25.11.2014 | Blog

The 2004 Tsunami – A Shock for the World

It is ten years ago now that a tsunami erased whole coastal areas of Asia and claimed the lives of 230,000 people.

The memory of the disaster of 26 December 2004 stays alive. Every family on the coast - like here in Sri Lanka - has their own story about the tsunami.
The memory of the disaster of 26 December 2004 stays alive. Every family on the coast - like here in Sri Lanka - has their own story about the tsunami. © Welthungerhilfe

On 26th December 2004, the world learned the Japanese word ‘tsunami’, translated as ‘harbour wave’: After a marine earthquake in the Indian Ocean, within minutes seismic waves had spread out, arriving onshore at heights of up to 40 metres. According to official figures, more than 230,000 people died and 1.7 million became homeless.

2004 tsunami - facts

The quake off the north-west coast of Sumatra had a strength of 9.1 on the Richter scale and was the third strongest marine quake ever measured.

The worst affected areas were the coastal regions of India, Indonesia, Thailand, Somalia and the Maldives.

The victims of the tsunami needed fast and effective aid

Just a few hours after the first giant waves hit coastal areas, Welthungerhilfe employees from our projects in the affected regions in India, Sri Lanka and Indonesia started on the preparation of emergency aid. 24 hours later, members of the Welthungerhilfe emergency response team from Bonn were on the ground.

German TV personality Dieter Thomas Heck visited Aceh, Indonesia, in 2005. The region was only 80km from the epicentre of the marine quake - destruction was particularly severe here. © Friedhelm Maedje
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India: 647,000 people became homeless due to the tsunami. Tent camps were put up to offer them temporary shelter. © Gunnar Rechenburg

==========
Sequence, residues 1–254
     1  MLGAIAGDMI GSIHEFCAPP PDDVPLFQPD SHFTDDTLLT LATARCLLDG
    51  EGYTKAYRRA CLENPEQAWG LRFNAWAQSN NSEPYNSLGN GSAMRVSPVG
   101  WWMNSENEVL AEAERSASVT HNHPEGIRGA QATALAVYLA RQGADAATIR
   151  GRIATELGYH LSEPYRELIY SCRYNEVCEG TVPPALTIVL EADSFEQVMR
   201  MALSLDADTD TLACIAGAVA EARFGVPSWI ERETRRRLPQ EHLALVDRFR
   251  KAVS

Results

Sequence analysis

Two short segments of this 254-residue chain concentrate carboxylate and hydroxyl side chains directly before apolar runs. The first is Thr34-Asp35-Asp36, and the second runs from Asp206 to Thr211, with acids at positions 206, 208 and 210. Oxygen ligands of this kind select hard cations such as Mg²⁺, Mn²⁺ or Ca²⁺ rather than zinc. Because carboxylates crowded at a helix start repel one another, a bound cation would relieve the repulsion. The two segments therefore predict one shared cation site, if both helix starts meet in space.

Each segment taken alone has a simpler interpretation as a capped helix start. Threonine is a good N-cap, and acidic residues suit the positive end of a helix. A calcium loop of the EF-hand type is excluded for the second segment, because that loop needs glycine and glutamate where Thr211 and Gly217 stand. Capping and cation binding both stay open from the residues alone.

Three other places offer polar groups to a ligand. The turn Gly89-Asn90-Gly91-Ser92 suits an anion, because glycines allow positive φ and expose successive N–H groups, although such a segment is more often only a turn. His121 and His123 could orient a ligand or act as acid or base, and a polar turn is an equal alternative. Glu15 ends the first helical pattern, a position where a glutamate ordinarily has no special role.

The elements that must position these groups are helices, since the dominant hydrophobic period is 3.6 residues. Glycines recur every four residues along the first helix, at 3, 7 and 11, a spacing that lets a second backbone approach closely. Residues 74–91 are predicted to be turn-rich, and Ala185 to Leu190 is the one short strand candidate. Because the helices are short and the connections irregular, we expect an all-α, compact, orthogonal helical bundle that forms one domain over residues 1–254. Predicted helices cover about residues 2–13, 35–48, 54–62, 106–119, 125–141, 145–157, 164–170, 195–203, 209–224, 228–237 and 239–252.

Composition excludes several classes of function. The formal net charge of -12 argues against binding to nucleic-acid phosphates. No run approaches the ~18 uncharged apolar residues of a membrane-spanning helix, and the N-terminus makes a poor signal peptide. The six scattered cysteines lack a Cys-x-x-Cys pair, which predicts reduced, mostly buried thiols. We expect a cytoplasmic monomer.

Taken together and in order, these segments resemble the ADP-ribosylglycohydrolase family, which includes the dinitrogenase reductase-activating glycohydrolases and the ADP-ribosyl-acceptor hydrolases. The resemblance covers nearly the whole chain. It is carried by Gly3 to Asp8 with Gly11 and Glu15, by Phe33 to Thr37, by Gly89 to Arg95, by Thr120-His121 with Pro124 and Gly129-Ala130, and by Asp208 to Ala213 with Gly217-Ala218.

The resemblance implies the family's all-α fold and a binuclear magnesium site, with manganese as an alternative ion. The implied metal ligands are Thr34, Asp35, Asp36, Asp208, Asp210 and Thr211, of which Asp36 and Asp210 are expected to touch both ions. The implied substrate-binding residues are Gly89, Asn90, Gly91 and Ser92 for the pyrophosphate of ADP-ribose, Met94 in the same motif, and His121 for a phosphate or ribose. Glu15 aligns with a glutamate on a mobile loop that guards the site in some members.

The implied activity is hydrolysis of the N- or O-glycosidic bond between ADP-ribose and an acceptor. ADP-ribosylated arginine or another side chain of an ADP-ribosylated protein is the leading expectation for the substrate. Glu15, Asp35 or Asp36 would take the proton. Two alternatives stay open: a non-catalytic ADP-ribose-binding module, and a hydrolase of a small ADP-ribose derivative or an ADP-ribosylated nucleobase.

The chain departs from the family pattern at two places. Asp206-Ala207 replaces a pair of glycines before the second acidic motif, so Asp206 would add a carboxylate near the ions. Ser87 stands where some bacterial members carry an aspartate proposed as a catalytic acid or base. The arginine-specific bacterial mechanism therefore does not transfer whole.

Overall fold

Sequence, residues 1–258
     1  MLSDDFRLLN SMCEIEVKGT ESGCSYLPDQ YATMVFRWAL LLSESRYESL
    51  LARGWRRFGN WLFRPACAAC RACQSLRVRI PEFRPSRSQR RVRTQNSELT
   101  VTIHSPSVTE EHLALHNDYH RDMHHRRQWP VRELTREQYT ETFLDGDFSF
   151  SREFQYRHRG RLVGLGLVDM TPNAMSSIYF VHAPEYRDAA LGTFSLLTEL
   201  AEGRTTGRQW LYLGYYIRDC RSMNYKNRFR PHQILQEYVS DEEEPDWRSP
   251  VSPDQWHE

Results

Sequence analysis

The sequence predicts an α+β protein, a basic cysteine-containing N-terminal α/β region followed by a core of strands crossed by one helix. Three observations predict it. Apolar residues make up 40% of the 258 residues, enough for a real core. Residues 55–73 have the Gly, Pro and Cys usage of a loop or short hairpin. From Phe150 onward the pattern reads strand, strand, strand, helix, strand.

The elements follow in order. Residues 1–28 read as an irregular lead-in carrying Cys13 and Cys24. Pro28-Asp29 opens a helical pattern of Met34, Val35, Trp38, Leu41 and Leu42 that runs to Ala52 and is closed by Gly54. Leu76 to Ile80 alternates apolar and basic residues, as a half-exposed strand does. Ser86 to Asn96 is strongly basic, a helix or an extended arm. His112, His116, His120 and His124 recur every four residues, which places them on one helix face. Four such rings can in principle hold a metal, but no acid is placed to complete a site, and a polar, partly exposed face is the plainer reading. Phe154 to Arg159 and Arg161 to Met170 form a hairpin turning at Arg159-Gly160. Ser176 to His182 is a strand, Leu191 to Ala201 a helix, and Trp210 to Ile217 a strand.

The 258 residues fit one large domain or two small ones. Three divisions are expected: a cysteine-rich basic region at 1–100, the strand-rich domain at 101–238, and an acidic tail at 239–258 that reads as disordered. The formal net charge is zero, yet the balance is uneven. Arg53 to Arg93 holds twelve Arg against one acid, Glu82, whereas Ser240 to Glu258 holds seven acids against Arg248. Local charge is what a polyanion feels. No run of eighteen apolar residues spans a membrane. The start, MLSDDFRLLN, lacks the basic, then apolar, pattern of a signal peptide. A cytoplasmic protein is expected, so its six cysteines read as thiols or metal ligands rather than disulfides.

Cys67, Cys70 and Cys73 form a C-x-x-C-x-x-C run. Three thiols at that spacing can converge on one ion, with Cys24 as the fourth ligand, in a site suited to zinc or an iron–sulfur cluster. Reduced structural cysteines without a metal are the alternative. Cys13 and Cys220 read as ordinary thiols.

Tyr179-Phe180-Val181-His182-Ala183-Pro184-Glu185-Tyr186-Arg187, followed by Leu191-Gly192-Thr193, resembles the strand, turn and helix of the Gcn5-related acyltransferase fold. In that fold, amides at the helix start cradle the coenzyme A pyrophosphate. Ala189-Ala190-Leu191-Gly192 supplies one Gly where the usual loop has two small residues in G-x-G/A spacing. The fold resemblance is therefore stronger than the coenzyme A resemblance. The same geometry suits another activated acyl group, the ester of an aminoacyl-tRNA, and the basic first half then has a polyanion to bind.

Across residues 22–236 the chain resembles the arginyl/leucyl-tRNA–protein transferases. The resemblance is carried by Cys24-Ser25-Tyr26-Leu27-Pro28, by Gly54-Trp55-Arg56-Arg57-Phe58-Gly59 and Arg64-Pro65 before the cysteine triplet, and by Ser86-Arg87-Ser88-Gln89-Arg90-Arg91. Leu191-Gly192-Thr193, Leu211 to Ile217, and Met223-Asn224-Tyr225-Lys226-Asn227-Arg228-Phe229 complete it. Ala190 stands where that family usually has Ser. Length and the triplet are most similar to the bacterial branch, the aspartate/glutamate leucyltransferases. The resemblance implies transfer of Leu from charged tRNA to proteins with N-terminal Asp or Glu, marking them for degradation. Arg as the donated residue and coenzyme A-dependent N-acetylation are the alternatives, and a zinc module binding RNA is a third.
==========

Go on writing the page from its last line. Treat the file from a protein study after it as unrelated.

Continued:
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Map of the coastal areas affected by the 2004 tsunami. © Welthungerhilfe
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Together with educationalists we supported affected children in Thailand and worked to help them overcome their nightmares and fears. © Welthungerhilfe
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In India fishermen received new nets and boats. 2005: The new boats being blessed before the first trip. © Thomas Lohnes
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Our immediate and long-term support (2004 - 2009)

After the tsunami we provided fast emergency aid. In India, Sri Lanka, Indonesia and Thailand we intially supplied 180,000 people with basic essentials: food, clothes and tents. A few months later, together with the victims of the natural disaster and local partners, we started on the reconstruction of their country.

Examples of our help for self-help:

Our experience shows: Combating and preventing disasters functions most effectively through a combination of acute emergency aid and long-term development cooperation. In carrying out reconstruction we, therefore, take into consideration future security against disasters, for example, through the building of earthquake-proof houses or through the reforestation of mangrove forests for better coastal preservation.

The 2004 tsunami in Sri Lanka: then and now
The 2004 tsunami in Sri Lanka: then and now

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